Breaking new Grounds(An Engineering Exploration in Building a Coffee Machine, part I)
After reading several books this summer I was inspired to share my story about an engineering and design exploration to build a custom coffee machine.
This story starts with a trip to Europe. Unlike other trips overseas, I had started this one while on a brief hiatus from coffee. The moment I touched down, I wanted espresso, cappuccino, or a simple well brewed cup. I should have known that would be the case, the aroma filled the air, the taste and caffeine were already pre-programmed by years of coffee drinking and the neurons were already wired and waiting for that jolt of lightning to reactivate them.
What I didn’t know at the time, is that would be the start to an engineering question: Could I design a coffee machine that produces a great cup of coffee? In retrospect, this was an insane question to be asking. There are plenty of great machines out there, from the simplest French press, to the siphon brew, to the various vacuum presses, to the high-end espresso machines. I suppose what I really wanted was to go beyond my experience in software development and engineering management to challenge myself to be more of a polymath and expand my knowledge and skills into IoT, mechanical, industrial, electronics, machining, design, and material science. The fastest way for me to learn has always been to dive deep into a new space, answer all of my most pressing questions, come back up for air, and repeat. This seemed like a fun adventure.
With most of my experience being in software, and engineering management, it was a big undertaking. When I start to build something, I like to build it with taste [pun intended]. As I would do with any engineering project, I laid out the goals, the non-goals and eventually this turned into something akin to a working requirements document with research spikes, draft designs, mini experiments, milestones and eventually a fully working prototype.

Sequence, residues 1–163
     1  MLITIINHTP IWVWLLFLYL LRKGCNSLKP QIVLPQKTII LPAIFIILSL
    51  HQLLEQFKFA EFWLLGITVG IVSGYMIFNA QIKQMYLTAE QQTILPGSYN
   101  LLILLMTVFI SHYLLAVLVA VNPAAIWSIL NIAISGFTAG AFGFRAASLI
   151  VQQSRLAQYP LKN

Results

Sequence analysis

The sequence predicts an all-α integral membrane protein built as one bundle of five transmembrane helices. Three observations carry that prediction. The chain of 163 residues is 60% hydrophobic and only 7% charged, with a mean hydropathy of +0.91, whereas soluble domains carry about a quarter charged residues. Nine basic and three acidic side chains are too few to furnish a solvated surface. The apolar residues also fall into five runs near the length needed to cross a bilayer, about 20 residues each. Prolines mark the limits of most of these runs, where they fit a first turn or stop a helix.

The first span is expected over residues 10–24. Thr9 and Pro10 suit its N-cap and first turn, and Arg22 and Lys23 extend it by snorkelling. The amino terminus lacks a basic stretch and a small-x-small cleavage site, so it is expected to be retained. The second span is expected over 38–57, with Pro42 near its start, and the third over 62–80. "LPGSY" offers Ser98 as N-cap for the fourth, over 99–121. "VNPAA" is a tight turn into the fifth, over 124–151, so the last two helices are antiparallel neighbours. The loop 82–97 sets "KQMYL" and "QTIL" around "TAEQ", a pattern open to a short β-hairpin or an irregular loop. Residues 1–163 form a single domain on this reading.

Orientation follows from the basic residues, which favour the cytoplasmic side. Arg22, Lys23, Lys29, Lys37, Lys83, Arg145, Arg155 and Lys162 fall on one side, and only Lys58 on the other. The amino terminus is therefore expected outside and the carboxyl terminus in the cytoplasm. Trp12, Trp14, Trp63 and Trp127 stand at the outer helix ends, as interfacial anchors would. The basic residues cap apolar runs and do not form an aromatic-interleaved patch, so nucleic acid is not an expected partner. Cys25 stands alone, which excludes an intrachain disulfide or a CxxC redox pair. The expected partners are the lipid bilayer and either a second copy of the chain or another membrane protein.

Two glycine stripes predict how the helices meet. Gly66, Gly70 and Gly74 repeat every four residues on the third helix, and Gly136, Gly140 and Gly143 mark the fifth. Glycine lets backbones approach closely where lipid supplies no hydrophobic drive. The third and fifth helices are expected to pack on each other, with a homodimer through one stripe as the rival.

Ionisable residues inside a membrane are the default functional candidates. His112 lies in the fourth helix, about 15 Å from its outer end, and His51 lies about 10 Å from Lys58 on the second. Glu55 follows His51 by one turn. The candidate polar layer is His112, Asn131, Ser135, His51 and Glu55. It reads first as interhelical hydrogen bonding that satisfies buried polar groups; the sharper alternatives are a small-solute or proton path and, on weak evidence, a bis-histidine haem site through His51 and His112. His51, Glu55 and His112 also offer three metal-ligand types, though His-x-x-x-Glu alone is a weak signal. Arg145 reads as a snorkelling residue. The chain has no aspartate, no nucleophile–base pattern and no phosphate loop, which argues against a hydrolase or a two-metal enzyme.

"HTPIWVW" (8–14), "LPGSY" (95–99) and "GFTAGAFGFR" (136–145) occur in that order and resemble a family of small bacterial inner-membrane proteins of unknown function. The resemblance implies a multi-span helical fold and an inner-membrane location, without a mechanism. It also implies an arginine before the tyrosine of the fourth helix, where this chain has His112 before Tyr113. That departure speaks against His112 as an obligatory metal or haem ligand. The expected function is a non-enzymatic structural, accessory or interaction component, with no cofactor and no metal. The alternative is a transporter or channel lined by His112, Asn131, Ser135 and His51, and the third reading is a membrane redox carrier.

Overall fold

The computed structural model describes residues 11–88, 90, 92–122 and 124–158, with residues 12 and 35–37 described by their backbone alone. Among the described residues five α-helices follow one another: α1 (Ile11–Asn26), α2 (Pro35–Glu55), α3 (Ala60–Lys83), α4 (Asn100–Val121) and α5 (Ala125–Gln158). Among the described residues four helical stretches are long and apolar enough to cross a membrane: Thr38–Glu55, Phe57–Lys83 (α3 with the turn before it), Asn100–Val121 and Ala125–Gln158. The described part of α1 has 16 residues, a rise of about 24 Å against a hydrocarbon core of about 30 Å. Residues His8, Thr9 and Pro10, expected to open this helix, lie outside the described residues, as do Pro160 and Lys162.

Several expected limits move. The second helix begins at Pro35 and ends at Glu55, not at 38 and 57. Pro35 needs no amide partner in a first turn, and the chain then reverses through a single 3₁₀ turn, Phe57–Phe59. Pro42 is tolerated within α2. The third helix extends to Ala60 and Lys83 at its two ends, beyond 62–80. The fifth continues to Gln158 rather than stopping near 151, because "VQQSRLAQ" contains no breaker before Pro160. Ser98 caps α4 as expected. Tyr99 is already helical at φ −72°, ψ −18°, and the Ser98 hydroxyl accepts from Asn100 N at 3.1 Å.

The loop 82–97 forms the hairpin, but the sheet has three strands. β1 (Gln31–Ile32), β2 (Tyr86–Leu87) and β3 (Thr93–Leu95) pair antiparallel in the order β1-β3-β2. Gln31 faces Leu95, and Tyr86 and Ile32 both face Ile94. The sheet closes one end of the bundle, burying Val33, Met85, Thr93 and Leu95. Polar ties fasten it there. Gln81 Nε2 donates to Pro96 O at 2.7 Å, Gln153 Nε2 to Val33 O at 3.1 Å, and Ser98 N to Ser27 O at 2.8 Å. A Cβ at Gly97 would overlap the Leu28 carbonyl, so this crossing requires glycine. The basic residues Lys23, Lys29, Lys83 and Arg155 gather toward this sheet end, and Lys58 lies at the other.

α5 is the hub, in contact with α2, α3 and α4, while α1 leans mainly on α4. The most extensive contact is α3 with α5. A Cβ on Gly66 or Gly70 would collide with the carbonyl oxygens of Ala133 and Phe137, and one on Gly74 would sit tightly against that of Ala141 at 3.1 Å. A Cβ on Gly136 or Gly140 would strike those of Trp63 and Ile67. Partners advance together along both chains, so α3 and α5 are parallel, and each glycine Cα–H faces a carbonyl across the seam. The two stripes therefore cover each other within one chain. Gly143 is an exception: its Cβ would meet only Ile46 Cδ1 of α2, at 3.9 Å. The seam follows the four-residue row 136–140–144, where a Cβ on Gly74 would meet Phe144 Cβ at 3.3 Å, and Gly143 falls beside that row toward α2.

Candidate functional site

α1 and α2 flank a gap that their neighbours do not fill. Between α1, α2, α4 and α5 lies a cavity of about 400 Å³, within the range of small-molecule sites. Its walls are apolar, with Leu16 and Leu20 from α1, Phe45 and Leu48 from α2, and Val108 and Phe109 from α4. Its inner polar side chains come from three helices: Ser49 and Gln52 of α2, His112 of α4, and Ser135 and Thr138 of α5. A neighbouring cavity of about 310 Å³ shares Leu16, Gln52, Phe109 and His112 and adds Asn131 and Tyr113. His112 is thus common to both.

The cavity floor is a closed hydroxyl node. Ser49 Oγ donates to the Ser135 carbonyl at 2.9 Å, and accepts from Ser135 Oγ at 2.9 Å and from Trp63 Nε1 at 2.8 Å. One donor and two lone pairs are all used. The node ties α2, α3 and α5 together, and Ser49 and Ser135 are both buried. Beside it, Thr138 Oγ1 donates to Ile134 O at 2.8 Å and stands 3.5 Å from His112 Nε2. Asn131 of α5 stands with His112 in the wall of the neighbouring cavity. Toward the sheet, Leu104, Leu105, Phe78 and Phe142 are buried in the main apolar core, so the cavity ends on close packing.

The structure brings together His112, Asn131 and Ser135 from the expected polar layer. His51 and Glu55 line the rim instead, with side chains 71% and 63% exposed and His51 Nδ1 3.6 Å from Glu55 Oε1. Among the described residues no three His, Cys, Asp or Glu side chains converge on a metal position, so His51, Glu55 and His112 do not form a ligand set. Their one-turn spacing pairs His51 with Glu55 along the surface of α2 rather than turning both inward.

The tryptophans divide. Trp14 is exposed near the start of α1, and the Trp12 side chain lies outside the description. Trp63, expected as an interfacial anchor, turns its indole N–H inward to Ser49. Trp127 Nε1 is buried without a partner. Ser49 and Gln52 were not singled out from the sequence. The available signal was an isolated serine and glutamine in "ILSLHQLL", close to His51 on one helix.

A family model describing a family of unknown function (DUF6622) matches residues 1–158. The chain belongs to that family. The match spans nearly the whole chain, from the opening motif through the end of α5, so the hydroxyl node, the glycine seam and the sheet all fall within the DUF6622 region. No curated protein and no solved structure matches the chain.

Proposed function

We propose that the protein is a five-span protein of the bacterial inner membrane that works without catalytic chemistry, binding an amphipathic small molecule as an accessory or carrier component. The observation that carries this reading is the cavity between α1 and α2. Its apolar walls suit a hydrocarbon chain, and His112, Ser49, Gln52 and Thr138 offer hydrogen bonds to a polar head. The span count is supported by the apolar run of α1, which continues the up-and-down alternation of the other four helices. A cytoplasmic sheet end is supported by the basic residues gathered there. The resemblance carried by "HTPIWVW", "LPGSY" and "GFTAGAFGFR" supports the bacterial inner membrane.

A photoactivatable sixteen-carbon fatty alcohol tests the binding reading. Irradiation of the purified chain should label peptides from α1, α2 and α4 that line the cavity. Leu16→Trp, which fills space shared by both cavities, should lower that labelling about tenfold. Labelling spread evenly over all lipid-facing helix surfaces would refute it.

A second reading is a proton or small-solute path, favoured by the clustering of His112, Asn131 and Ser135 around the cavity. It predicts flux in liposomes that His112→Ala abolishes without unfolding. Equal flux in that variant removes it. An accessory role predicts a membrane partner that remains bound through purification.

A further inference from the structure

The prototype plan started with deceptively simple goals:
- It needs to make coffee consistently, and repeatably.
- It needs to have an aesthetic that I would appreciate on my counter (I’m a big fan of Apple® design and engineering).
- It needs to be software, and hardware controllable for precision
- It needs to be operated via web/mobile and Alexa®
- It needs to be food grade, and easy to clean
- It needs to support multiple filters, and work for different grains/grounds
- It needs to be easily serviceable
- The first version would not need to boil water itself, that could come later
With a rough plan in mind, and a few mini tests with off the shelf parts, plus some pen & paper sketches I had an initial concept that I thought was elegant, easy to clean, repeatable, simple in operation and able to be iterated upon. My initial drawings were embarrassingly oversimplified, lacking electronics, wiring, and proper detail but they did serve as a rough blueprint and a path to get started.
After a bit of research into what tools I would need a basic mastery of, I dove head first into learning Fusion 360®, how to code for Arduino®, learning about materials that were food safe, electro-mechanics, machining different materials, and put a rough plan together, including how to acquire the appropriate tools to the assembly plan.
In the second part of this series, I will share more details on the progress and evolution of “the machine”, the tools I’ve acquired, the skills I had to up-level on and my growing interest in HW/SW systems, 3D printing, robotics, industrial design, and engineering.
Stay tuned to learn more about the working prototype and the quest to engineer a great cup of coffee. Feel free to reach out via email @ smithxlabs [at] gmail, and follow me on twitter @ smithxlabs, and ig @ smithxlabs
© 2020 Bryan Smith All Rights Reserved.
The author assumes no responsibility or liability for any errors or omissions in the content of this site. The information contained in this site is provided on an “as is” basis with no guarantees of completeness, accuracy, usefulness or timeliness.
Fusion 360® is a registered trademark by Autodesk Inc, and is a great tool for designing and drafting
Arduino® is a registered trademark by Arduino AG and has been a great environment for getting electromechnical systems up and running.
Apple® is a registered trademark of Apple Inc
Alexa® is a registered trademark of Amazon Inc